Understanding the genesis of gemstones helps in the determination of their geographical origin, thus improving prospecting strategies for mining gemstones, such as corundum, which could also be used as a method for controlling the trading circuits. The need for 3rd party certification for gemstones from gemological laboratories, including country-of-origin reports, can also help support and grow the industry. Consumers of gemstones not only want to know the gemstones they purchase are being identified properly and that they are reasonably priced, but, also, they also want to be reassured that the gemstones are from conflict-free sources. Laboratories hope to build and sustain consumer confidence through the issuance of colored gemstone country-of-origin reports. Today, consumers purchase over 50% of gemstones via television shopping networks and the internet which has forced traditional jewelers to reexamine how they sold gemstones. Jewelers are now more likely to provide gemstone provenance with gemstone identification reports for their high-end gemstones. Laboratories also work closely with those in the trade to be able to provide origin reports and certificates for gemstones at a reasonable price, as well as educating people in retail to speak confidently about the gemstones they sell (ICA Congress Speech of Dr. Adolph Peretti, May 2009, "Research report summaries on the origin and treatments of valuable rubies from Tanzania and tourmalines from Brazil and Mozambique," n.p).

Most gemological laboratories invest a certain amount of their resources in scientific research activities, which is usually used “in-house,” but, is also shared with the gemological and geological communities through research publications. An effective way of obtaining first-hand access to scientific results is through the cooperation of researchers and research organizations (Gübelin Gem Lab, Ltd., September 2006, A Holistic Method to Determining Gem Origin, p.126). .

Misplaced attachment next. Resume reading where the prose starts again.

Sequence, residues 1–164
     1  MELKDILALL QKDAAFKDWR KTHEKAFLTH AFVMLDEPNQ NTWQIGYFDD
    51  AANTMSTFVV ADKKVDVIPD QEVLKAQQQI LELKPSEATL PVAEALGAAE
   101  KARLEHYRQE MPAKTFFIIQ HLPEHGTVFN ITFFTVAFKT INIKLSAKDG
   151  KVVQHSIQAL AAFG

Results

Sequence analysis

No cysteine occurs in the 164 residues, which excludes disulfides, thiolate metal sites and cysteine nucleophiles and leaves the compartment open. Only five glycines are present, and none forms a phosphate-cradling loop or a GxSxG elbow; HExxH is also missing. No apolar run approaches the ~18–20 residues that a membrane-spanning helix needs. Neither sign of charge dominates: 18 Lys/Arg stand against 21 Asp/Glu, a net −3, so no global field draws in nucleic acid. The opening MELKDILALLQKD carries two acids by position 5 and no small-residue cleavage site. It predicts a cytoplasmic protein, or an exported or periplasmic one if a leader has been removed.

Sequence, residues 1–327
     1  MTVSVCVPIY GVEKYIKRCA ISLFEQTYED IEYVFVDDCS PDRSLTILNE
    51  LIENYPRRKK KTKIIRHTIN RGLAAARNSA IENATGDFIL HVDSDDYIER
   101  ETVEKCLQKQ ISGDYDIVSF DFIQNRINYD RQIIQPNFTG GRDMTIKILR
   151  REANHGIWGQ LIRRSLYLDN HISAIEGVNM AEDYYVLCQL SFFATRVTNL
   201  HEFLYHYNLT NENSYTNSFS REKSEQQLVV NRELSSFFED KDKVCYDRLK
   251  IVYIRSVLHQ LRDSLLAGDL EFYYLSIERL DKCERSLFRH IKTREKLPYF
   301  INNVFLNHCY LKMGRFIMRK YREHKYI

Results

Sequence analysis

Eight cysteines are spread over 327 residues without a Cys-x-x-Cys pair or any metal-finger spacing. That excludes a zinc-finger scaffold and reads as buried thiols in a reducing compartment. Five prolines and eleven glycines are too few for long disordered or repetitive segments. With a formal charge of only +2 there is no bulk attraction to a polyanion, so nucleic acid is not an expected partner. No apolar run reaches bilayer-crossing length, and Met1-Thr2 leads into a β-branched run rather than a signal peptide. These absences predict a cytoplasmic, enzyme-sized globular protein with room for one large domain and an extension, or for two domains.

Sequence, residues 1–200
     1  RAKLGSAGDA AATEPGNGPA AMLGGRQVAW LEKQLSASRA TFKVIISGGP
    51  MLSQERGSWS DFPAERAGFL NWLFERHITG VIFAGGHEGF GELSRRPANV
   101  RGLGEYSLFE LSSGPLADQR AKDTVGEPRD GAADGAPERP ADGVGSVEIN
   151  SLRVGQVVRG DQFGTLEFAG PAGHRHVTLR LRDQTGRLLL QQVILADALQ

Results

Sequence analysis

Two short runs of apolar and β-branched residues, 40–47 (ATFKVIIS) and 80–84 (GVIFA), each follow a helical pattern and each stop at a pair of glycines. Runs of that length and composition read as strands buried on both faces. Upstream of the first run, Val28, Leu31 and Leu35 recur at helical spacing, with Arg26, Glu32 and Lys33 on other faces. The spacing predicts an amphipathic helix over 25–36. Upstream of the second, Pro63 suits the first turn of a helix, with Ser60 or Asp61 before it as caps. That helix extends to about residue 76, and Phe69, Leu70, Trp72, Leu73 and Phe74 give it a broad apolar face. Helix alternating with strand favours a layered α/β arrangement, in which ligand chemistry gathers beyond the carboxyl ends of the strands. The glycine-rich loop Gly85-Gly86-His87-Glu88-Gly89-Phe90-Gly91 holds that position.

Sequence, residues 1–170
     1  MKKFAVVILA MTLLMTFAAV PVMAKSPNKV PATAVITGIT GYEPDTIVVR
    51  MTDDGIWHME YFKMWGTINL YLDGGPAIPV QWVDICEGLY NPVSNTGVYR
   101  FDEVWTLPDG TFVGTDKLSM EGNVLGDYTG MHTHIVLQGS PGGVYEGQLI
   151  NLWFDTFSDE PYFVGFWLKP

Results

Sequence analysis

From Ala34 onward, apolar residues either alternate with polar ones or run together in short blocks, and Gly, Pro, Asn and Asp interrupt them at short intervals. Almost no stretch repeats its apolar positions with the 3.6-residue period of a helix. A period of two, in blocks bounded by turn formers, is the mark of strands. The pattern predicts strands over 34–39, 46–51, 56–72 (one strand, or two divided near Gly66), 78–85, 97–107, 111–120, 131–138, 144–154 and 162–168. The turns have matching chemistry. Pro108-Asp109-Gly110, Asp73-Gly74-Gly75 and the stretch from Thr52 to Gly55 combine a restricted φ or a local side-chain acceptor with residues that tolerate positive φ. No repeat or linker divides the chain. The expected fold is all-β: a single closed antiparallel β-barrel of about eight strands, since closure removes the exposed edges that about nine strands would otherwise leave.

Intellectual Requirements

Origin determination requires a thorough understanding of the geological processes. The “interpretation of small-scale gemological observations requires constant verification with the scientific models of large-scale geological environments (Gübelin Gem Lab, Ltd., September 2006, A Holistic Method to Determining Gem Origin, p.126).” It is recommended that most gemologists at a gemological laboratory, who are involved in origin determination, hold a degree in the earth sciences, such as mineralogy, petrology, crystallography, geology, or a related field. To be able to successfully tackle the challenges of origin determination, this academic foundation should be complemented with “solid” gemological training and several years of experience in a gem lab. The analysis of gemological properties and interpretation of the resulting data and observations alone exceed the level of knowledge taught in standard gemological training (Gübelin Gem Lab, Ltd., September 2006, A Holistic Method to Determining Gem Origin, p.126).

 

 

 

Colored gemstone country of origin identification is a challenging field for gemologists. Chemical composition trace minerals, typical microscopic inclusions, and other characteristics can identify where a gem was born, thanks to early gem industry professionals.

 

 

gem news

 

Photo Information

 

Top - Mong Hsu Ruby (Burma)

Next - Alexandrite (Russial)

Next - Tsavorite Garnet (Kenya)

Next - Demantoid Garnet (Russial)

Next - Malaya Garnet (East Africa)

Next - Opal (Ethiopia)

Next - Color change Garnet (East Africa)

Next - Amethyst (East Africa)

Next: - Gem special offer -  Ruby pear